For lift-the-flap done right, skip this one and choose Lucy Cousins’ Maisy’s Big Flap Book (2001) or one of Karen Katz’s...

MAMA'S LITTLE DUCKLINGS

From the Play-Doh series

A chunky lift-the-flap board book about a little lost duckling reunited with its family.

Mama Duck has lost her littlest egg. The ladybugs haven’t seen it. Neither have the fish. The Easter Bunny, however, knows exactly where to look. After the family is reunited, they all go home for a good night’s rest. The text incorporates a lift-the-flap feature, but there does not seem to be much rhyme or reason behind this choice. Seemingly random parts of the text and illustrations are hidden under flaps, with the only rhetorically effective spread being the one featuring the flap that turns out to be hiding the little duck. The illustrations incorporate animals made of Play-Doh, lending them a distinct Claymation quality. They are very colorful but so busy as to appear crowded. Little ones might enjoy looking for the yellow eggshell containing the missing duckling on several of the pages if they are not too distracted by the unnecessary flaps.

For lift-the-flap done right, skip this one and choose Lucy Cousins’ Maisy’s Big Flap Book (2001) or one of Karen Katz’s delightful outings, such as Where Is Baby’s Yummy Tummy? (2011) or Where Is Baby’s Puppy? (2011). (Board book. 3-4)

Pub Date: March 1, 2013

ISBN: 978-1-60710-771-2

Page Count: 12

Publisher: Silver Dolphin

Review Posted Online: May 23, 2013

Kirkus Reviews Issue: July 1, 2013

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More kit than story, with some assembly required.

PEPPA PIG AND THE PERFECT DAY

From the Peppa Pig series

Two outings and a game of hide-and-seek in between add up to a perfect day for Peppa and friends in this four-spread TV-series spinoff.

First Peppa and her bubble-gum–pink family ride to the park (“Vroom!” says little George) for a healthy picnic packed by Daddy Pig. Then it’s home for playtime with Danny Dog and Suzy Sheep, until Grandpa Pig arrives with a boat big enough for all (“Ship ahoy!”). Children can embellish this stripped-down plotline on the foldout playscape attached to the back cover. All of the figures in the flat, very simple illustrations also come as punch-outs on a loose sheet, and there are corresponding slots in the detachable pop-up car and boat. Fans of the British series, which runs on Nick Jr. in the United States, may experience several moments of pleasure before the card-stock vehicles are crushed.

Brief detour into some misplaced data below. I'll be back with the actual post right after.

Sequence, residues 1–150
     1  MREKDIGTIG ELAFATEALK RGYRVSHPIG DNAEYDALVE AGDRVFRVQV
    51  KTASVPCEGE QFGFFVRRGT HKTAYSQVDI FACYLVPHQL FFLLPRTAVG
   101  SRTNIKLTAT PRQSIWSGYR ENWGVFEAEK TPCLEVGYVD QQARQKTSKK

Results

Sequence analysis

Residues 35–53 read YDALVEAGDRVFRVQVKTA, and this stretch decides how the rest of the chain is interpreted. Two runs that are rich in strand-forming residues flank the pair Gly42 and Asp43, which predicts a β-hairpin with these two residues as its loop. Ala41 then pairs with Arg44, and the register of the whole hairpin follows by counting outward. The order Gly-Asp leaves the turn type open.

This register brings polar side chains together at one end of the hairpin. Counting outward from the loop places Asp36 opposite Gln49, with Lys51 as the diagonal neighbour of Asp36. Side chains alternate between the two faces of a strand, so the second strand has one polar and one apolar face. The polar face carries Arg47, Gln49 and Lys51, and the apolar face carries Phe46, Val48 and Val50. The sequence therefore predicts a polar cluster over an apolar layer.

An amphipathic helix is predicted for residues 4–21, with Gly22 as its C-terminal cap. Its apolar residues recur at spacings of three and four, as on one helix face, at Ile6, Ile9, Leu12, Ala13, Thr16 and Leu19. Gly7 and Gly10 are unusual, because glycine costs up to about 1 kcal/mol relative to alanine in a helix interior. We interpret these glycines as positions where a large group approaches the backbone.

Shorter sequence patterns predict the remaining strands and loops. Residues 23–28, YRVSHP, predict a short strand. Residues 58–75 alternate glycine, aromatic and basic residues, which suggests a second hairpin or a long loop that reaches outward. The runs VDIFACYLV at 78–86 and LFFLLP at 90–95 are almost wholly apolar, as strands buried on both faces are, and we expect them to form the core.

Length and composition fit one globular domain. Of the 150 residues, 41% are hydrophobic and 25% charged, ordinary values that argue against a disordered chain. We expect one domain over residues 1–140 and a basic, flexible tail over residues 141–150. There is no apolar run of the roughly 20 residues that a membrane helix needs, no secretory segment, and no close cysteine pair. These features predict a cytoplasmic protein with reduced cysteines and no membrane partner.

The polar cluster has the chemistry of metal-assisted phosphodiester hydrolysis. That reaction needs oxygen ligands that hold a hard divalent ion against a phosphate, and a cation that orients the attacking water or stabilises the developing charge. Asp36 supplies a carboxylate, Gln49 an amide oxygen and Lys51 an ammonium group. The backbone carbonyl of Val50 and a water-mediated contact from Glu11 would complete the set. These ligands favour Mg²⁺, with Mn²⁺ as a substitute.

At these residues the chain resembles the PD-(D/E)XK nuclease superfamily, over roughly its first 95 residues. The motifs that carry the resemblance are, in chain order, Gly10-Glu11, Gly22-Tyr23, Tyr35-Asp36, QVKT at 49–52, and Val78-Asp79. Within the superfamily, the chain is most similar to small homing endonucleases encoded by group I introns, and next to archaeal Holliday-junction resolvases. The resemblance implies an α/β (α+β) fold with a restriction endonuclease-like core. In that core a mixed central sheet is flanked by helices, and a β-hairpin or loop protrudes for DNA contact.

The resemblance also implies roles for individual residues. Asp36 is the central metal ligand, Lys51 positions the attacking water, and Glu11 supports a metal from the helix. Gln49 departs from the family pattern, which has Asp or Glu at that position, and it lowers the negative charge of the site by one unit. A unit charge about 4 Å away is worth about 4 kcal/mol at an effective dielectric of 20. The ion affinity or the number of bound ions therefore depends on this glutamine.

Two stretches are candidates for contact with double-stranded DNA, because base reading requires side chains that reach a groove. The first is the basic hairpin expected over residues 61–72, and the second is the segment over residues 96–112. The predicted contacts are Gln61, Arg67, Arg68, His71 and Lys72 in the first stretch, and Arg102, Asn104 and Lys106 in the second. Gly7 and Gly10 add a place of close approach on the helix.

More kit than story, with some assembly required. (sticker sheet) (Pop-up/picture book. 3-4)

Pub Date: Oct. 8, 2013

ISBN: 978-0-7636-6825-9

Page Count: 8

Publisher: Candlewick

Review Posted Online: Sept. 25, 2013

Kirkus Reviews Issue: Dec. 1, 2013

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Overdone, even for a tall tale.

WALRUS IN THE BATHTUB

A family of four’s new house is perfect save for one feature.

It has everything they need: a big yard, a tree with a sea gulls’ nest in it, and an enormous bathtub. But there’s one problem: In that huge bathtub, there’s a walrus. And he doesn’t want to leave. He makes bathtub tidal waves, he floods the house, and he uses all the toothpaste. The family members do their best to convince the walrus to leave, and little readers will get a few good chuckles out of the increasingly absurd tactics. The text is conveyed almost entirely in list form, with occasional snippets of dialogue and arrows pointing to various pictorial elements when necessary. The “WORST things about having a walrus in the bathtub: 1) Dial-a-Clam deliveries 2) Pool parties 3) Walrus songs” leads naturally to “Things that are louder than walrus songs: 1) Nothing”; underscoring this is the walrus’s not-so-tuneful “AAAAHHHROOOOOOOOOOOOHHHHH!!!” The illustrations are suitably kinetic, milking the absurdity of a walrus in a bathtub for all it’s worth, and they add a narrative subtext, depicting one child’s evident delight in the presence of the family’s unintended roommate. Unfortunately, compositions are so busy, chock-full of silliness plus additional characters such as the family’s dog and the walrus’s visiting friends, that it may be hard for little readers to focus on that relationship. The family members all have light skin and straight hair that’s either black or brown.

Overdone, even for a tall tale. (Picture book. 3-4)

Pub Date: July 10, 2018

ISBN: 978-0-8037-4101-0

Page Count: 40

Publisher: Dial Books

Review Posted Online: May 14, 2018

Kirkus Reviews Issue: June 1, 2018

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